Who would have thought that such a tiny animal could require a 700+-page book to describe it! That this book is so detailed is a testament to the importance of these animals in the world ocean. Mauchline has produced a comprehensive and much-needed reference on copepods, the most numerous multicellular organism on Earth.

*Newman, Leslie, and Lester Cannon. 2003. Marine Flatworms: The World of Polyclads. CSIRO Publishing: Australia.

This is a delightful book that will likely surprise readers unfamiliar with marine flatworms. Far from boring, these colorful and versatile animals continue to amaze the scientists that study them. This book features over 300 color photographs.

 

*Ruppert, Edward E., Richard S. Fox, and Robert D. Barnes. 2004. Invertebrate Zoology: A Functional Evolutionary Approach, 7th Edition. Brooks/Cole: CA

In Professor Sean’s opinion, this is the best invertebrate zoology textbook on the market, perhaps the best ever written. The authors are not content to merely present in fine detail the classification, anatomy, physiology, behavior, and ecology of invertebrates, they present alternative interpretations and controversial opinions where these topics are concerned. In that way, invertebrate zoology comes alive as an active, important, and relevant field of study for understanding the ecology and evolutionary relationships of these organisms in a global setting. Professor Sean highly recommends this book for a course of study or as a reference for Earth Science instructors who wish to solidify and deepen their knowledge and understanding of invertebrates.

*Wrobel, David, and Claudia Mills. 1998. Pacific Coast Pelagic Invertebrates: A Guide to Common Gelatinous Animals. Sea Challengers (CA) and Monterey Bay Aquarium (CA).

Jellyplankton are among the most beautiful and intriguing forms of life in the sea. This book, dedicated to common Pacific forms, offers stunning photos and detailed descriptions in a field guide that will be useful for divers and aquarium visitors alike.

*Bone, Q., ed. 1998. The Biology of Pelagic Tunicates. Oxford University Press: UK.

This is an outstanding reference book on these little known and oft-ignored group of organisms. Although their reputation as marine fouling organisms and a nuisance species (when blooming), their importance in the ocean carbon cycle and microbial loop is just beginning to be appreciated.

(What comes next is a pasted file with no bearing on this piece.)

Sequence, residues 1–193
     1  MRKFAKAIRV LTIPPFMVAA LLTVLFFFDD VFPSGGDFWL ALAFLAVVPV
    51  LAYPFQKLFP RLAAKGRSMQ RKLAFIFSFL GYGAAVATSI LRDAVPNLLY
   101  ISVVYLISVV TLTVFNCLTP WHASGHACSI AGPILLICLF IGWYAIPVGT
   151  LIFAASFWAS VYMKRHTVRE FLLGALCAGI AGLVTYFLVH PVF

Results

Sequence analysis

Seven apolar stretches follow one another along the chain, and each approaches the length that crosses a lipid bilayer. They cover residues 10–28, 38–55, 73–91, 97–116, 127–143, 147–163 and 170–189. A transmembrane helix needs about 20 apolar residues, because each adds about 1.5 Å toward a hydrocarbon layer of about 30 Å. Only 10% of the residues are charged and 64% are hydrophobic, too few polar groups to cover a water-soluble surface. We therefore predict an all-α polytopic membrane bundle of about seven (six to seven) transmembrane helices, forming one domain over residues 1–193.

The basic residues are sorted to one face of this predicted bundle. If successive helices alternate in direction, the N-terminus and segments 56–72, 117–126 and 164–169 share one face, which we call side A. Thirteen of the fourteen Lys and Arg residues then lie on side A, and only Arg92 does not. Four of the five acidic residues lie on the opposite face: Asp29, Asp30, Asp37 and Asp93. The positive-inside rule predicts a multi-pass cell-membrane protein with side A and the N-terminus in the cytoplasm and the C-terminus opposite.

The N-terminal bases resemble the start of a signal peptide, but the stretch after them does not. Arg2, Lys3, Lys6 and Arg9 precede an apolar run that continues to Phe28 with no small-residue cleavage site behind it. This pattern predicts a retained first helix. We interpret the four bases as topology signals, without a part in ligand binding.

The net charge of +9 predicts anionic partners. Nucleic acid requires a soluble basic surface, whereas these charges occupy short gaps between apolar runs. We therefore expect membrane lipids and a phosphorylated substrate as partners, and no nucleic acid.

*Furlong, Marjorie, and Virginia Pill. 1970. Starfish: Methods of Preserving and Guide to Identification. Ellison Industries: WA

Based on sea stars from their collection at the driftwood shop in Hoodsport, Washington, this little guide harkens to days gone by. Where collecting a limited number of specimens (as the authors prudently) recommend was once an acceptable practice, that practice has now been wisely outlawed. Marine organisms serve a much more important role in the wild than they ever will on a shelf or bookcase in your home.

*Kerstitch, Alex. 1989. Sea of Cortez Marine Invertebrates: A Guide for the Pacific Coast, Mexico to Ecuador. Sea Challengers: CA

This is an excellent field guide to commonly encountered invertebrates in the Sea of Cortez. Wirth color pictures and short descriptions, it makes the perfect accompaniment for Baja field classes.

*Pearse, Vicki, John Pearse, Mildred Buichsbaum, And Ralph Buchsbaum. 1987. Living Invertebrates. Blackwell Scientific Publications (MD) and The Boxwood Press (CA).

While this is not the most up-to-date textbook on invertebrates, it remains a highly useful reference for the sheer enormity of details and lucid black-and-white illustrations it contains.

*Stix, Hugh, Marguerite Stix, and R. Tucker Abbott. 1968. The Shell: Five Hundred Million Years of Inspired Design. Harry N. Abrams: NY

This oversized book is as much a celebration of shells as a guide to their history and identification. Many of the color photographs are separated by glassine inserts and some of the pages fold out to reveal life-sized photos of different species. Written by malacologists, it remains one of the most stunning and beautiful shell books available. You won’t want to lug it to the beach, but it will make a great companion for the photos of shells you take (leaving the shells on the beach where they belong).